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Best ways to bargain your way to better prices

In today's economy, no one wants to pay top dollar.

And negotiating to get a better price can be stressful.

But there are techniques you can use to give yourself the best chance of getting some money off the prices of goods and services.

Ron Burley, a consumer advocate for AARP The Magazine and author of "Unscrewed: The Consumer's Guide to Getting What You Paid For," offered tips on "The Early Show on Saturday Morning."

First off -- remember that you have the most power while your money is still in your pocket.

General approaches

Do Your Homework: Whether it's a car, furniture, or trip, a quick online search will give you a good ballpark view of what something is selling for. Take the lowest price you find, deduct 25 percent, and, that will be your haggling starting point.

No Moving Targets: Sellers will often try to confuse the deal with add-ons or alternate features. Ignore them. Haggling is tough enough without a moving target. The rule is -- one item, one price.

Pay Cash: If you need financing, get it elsewhere before you go to haggle. Negotiating a loan is another high art and shouldn't be mixed with trying to get the best price on something else.

Pay Attention to Your Time: If you're trying to save a few thousand dollars on a car, a couple of hours driving around to different stores isn't a huge investment. On the other hand, bouncing around town to save 20 bucks on a vacuum cleaner is rarely a cost-effective choice.

Talk to the Boss: Make sure you're talking to someone who has the authority to haggle. Low-level sales people often are "price-restricted."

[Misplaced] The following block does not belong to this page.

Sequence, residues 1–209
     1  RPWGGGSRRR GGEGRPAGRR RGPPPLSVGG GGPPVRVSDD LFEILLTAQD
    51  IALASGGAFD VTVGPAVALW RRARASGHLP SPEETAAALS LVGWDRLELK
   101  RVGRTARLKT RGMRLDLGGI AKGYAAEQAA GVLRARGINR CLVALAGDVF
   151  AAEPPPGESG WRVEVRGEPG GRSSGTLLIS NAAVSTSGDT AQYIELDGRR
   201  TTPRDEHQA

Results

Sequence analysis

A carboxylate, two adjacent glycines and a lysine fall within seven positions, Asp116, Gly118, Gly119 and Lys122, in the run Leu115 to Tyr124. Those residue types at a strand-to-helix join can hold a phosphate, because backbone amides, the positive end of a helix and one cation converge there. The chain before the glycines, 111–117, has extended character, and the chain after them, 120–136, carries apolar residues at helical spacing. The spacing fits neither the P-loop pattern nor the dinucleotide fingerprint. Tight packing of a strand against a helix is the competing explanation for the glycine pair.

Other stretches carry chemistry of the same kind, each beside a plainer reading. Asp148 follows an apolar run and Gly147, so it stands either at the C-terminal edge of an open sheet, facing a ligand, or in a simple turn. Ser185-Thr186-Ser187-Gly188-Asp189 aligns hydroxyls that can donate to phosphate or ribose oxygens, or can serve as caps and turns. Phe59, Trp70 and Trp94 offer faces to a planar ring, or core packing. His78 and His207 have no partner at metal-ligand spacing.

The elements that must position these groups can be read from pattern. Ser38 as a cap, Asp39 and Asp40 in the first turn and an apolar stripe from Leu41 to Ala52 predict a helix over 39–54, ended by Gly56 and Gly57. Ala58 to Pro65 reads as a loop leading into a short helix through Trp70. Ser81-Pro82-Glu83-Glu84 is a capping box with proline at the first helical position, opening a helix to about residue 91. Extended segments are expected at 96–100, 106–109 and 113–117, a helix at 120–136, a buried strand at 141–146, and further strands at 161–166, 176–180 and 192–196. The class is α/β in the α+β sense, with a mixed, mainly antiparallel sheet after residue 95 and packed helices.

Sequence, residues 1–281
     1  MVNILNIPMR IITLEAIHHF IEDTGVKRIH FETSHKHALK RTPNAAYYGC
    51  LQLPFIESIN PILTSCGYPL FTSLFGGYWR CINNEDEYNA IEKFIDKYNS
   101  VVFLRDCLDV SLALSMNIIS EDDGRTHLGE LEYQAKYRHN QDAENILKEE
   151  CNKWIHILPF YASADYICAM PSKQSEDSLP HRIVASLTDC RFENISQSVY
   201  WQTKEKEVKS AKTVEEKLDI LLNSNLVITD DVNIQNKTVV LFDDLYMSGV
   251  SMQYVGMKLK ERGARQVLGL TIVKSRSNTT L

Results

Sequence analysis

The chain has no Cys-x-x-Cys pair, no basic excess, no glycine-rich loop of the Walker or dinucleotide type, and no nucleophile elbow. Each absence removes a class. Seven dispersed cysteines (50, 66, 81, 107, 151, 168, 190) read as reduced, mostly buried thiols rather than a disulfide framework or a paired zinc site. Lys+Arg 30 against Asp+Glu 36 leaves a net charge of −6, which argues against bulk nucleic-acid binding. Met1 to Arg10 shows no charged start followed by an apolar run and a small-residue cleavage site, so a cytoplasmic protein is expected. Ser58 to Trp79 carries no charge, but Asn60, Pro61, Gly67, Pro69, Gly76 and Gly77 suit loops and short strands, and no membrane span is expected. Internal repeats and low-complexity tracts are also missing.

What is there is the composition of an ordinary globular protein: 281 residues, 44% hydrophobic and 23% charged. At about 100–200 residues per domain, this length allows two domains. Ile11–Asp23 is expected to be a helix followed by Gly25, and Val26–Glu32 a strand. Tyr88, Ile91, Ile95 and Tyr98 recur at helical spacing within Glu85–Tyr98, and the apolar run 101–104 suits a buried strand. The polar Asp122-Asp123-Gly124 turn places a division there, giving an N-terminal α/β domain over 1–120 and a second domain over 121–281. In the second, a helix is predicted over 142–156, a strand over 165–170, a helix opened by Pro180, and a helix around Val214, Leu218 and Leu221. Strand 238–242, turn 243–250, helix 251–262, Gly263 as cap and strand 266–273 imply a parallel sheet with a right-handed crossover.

Stay Calm: Speak quietly, but confidently. It's not a battle. It's a negotiation.

At Car Dealerships

They're famous for polluting the deal. Stick to a specific car and set of options that you decided on even before you went in, having researched the price. They will try as hard as they can to get you to move off that position, but don't. Tell them what you're willing to pay, and if they don't agree, hand them your phone number and tell them you're off to see their competition (use the name). But, if they want to sell a car at the price you asked (your haggling starting point), they can call you. Actually, if you get 15 percent off the lowest Web/advertised price, you've done a great job.

For Furniture and Appliances

Here's where we break the rule of "just one thing." You need to price the product and the delivery/take-away of your old stuff. Remember though -- your old furniture has value to them, particularly mattresses. You can typically get a 40 percent discount off the listed price of furniture, and 20-25 percent off appliances -- even from the big box stores. I like the cash-in-hand technique for closing the deal: Once you've said your price, lay the money out, in hundreds, right on the mattress. $100, $200, $300, etc. That works particularly well with small retailers. They just hate to see that cash literally go back into your pocket!

At Hotels and Resorts

Yes, they're negotiable, too: You just have to make sure you're speaking to the right person. Don't go to the website. Don't call the reservation line. Call the main office line and ask to speak to the on-site reservation manager. Ask their best price and then offer 30 percent less. That works especially well the closer you are to your reservation date. I recently called a resort two hours before I arrived and got a room for half-price. Why? If they didn't rent it to me, it probably would have gone empty.